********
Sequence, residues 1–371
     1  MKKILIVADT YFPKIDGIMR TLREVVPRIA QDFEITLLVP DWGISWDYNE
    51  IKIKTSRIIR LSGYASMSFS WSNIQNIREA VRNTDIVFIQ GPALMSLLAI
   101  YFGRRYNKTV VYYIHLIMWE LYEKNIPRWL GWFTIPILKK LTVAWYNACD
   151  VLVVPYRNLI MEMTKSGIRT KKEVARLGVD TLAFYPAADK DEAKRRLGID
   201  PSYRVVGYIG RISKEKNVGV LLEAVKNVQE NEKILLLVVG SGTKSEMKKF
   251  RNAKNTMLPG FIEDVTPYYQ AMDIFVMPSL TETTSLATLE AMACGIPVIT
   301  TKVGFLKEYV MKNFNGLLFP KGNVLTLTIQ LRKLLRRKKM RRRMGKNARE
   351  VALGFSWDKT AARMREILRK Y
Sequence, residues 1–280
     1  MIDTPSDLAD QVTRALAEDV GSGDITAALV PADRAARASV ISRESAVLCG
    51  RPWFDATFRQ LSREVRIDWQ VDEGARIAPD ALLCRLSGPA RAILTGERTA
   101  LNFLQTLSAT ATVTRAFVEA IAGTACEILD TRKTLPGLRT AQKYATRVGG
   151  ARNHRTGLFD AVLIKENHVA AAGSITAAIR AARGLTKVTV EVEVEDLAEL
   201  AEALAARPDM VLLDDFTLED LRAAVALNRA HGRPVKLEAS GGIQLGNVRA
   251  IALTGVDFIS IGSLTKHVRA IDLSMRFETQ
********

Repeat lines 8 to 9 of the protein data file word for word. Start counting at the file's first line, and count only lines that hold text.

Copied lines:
   301  TKVGFLKEYV MKNFNGLLFP KGNVLTLTIQ LRKLLRRKKM RRRMGKNARE
   351  VALGFSWDKT AARMREILRK Y